REFUSAL TO SUBMIT TO WARRANTLESS BLOOD TEST CANNOT SUBJECT DUI SUSPECT TO ENHANCED PENALTIES
The PA Superior Court has decided the case of Commonwealth v. Giron, 1300 EDA 20016 (January 31, 2017), holding that, pursuant to Birchfield v. North Dakota, 136 S.Ct. 2160 (2016), in the absence of a warrant or exigent circumstances justifying a search, a defendant who refuses to provide a blood sample when requested by police is not subject to the enhanced penalties provided in PA’s DUI statutes.
Police observed Giron’s vehicle sideswipe a legally-parked car. Police stopped his vehicle and observed a strong odor of alcohol emanating from the vehicle and also that Giron had red, glassy eyes and his speech was slurred. When Giron exited the vehicle, the officers noticed that he was unsteady on his feet.
Giron was arrested for suspicion of driving under the influence of alcohol. He refused to provide a blood sample on the scene and, at the police station, refused to read or sign the DL-26 Consent Form and did not submit to a blood test as requested.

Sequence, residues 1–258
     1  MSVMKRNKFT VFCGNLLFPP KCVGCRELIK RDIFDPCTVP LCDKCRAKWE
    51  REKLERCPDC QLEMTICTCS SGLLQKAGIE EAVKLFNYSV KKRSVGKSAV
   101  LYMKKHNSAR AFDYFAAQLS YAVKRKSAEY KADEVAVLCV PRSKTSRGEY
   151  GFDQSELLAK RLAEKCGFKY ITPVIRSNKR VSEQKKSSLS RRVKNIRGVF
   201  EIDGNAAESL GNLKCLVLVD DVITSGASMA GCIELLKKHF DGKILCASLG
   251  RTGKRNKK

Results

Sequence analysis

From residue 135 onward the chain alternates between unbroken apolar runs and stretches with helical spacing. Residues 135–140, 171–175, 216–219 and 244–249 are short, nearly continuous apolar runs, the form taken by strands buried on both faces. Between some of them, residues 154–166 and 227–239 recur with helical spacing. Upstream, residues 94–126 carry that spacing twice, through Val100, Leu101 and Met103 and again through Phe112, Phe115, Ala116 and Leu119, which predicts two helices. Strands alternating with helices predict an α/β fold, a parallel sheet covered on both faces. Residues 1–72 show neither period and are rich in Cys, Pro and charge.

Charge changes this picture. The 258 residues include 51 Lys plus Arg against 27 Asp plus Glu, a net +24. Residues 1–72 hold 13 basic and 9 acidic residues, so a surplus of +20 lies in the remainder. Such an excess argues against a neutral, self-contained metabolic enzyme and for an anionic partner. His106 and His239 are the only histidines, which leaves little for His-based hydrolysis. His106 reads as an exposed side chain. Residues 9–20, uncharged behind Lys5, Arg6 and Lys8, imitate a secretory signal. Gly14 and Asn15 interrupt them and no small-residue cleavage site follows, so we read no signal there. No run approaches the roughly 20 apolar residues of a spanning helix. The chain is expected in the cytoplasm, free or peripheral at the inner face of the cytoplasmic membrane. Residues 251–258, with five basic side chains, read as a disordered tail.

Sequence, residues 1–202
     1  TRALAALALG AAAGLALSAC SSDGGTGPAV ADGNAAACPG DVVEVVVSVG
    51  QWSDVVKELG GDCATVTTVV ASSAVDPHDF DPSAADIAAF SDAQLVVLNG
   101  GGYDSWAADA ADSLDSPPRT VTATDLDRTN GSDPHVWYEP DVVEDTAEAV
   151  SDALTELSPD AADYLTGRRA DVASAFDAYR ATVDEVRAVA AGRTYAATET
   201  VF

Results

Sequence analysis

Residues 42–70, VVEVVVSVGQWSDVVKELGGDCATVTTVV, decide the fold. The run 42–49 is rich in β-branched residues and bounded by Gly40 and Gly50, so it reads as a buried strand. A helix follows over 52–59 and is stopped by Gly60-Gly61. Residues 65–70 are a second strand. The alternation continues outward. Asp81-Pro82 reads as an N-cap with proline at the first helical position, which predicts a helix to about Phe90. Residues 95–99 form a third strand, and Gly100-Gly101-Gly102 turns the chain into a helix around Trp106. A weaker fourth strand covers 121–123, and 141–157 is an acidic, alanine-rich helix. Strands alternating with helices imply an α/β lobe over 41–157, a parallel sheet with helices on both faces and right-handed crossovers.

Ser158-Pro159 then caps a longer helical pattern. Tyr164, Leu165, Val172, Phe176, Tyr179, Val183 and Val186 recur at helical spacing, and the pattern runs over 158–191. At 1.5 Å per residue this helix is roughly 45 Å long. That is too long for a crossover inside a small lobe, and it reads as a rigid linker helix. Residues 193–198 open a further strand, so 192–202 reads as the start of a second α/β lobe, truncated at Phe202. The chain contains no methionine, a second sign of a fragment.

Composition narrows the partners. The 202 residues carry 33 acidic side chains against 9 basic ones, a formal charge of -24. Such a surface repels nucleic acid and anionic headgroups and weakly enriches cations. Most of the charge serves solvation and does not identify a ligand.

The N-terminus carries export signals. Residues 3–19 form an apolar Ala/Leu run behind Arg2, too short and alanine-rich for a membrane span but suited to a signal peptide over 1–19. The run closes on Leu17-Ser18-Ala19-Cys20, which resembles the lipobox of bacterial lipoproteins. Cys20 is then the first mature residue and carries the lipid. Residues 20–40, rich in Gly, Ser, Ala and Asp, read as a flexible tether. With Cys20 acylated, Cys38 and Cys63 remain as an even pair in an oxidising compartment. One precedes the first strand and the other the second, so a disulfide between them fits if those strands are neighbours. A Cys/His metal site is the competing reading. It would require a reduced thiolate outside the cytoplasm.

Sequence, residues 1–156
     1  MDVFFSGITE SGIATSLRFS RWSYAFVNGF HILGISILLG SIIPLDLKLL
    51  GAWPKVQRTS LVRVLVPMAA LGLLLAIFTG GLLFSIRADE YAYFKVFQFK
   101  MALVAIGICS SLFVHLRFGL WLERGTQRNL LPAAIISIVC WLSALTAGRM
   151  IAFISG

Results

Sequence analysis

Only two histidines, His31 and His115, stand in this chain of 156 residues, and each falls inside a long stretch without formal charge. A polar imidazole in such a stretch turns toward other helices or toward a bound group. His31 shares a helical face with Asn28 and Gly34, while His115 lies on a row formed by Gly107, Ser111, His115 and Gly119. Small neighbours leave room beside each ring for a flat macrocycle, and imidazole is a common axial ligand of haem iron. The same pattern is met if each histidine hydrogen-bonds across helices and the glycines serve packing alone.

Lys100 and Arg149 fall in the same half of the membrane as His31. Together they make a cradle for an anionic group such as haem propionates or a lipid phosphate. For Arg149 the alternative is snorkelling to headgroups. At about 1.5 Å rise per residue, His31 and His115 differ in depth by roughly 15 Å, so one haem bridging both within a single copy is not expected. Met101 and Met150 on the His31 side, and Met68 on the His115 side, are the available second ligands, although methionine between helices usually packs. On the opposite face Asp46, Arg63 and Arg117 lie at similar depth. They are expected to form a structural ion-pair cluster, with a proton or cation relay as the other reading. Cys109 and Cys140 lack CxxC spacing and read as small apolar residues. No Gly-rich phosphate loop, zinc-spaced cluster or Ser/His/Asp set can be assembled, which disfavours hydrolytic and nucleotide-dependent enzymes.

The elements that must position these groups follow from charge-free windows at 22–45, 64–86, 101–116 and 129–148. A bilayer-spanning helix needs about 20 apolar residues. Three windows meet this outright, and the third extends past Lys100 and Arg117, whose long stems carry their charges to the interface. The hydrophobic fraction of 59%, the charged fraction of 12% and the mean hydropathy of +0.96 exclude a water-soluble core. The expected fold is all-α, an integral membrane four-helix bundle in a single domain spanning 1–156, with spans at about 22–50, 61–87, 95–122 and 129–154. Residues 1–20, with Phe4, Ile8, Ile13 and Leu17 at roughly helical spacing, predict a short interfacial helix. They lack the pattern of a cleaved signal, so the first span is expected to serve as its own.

Giron was ultimately convicted of a second offense DUI-general impairment (with refusal), careless driving, driving without a license, and fleeing the scene of an accident.
Giron contended on appeal that there was insufficient evidence to convict him of DUI-general impairment because there was no physical or videotape evidence presented at trial. The Superior Court found this argument “wholly frivolous,” noting that “there is no requirement that videotape or physical evidence be presented at trial” and, that “police officers’ testimony is sufficient to prove the elements of DUI-general impairment.”
Due to this being his second DUI offense within ten years, Giron faced a mandatory minimum of five days’ imprisonment and a maximum penalty of six months’ imprisonment without a finding that he refused chemical testing. However, with a finding that he refused chemical testing, Giron faced a mandatory minimum of 90 days’ imprisonment and a maximum penalty of five years’ imprisonment. And, because the trial court found that Giron refused to provide a blood sample, it imposed both the 90-day mandatory minimum and the five-year maximum.
The Superior Court concluded that the evidence was sufficient to convict Giron of DUI-general impairment. However, pursuant to Birchfield, the Superior Court held that, in the absence of a warrant or exigent circumstances justifying a search, a defendant who refuses to provide a blood sample when requested by police is not subject to the enhanced penalties provided in the PA DUI statutes.
Giron’s sentence was therefore illegal his case remanded for re-sentencing.
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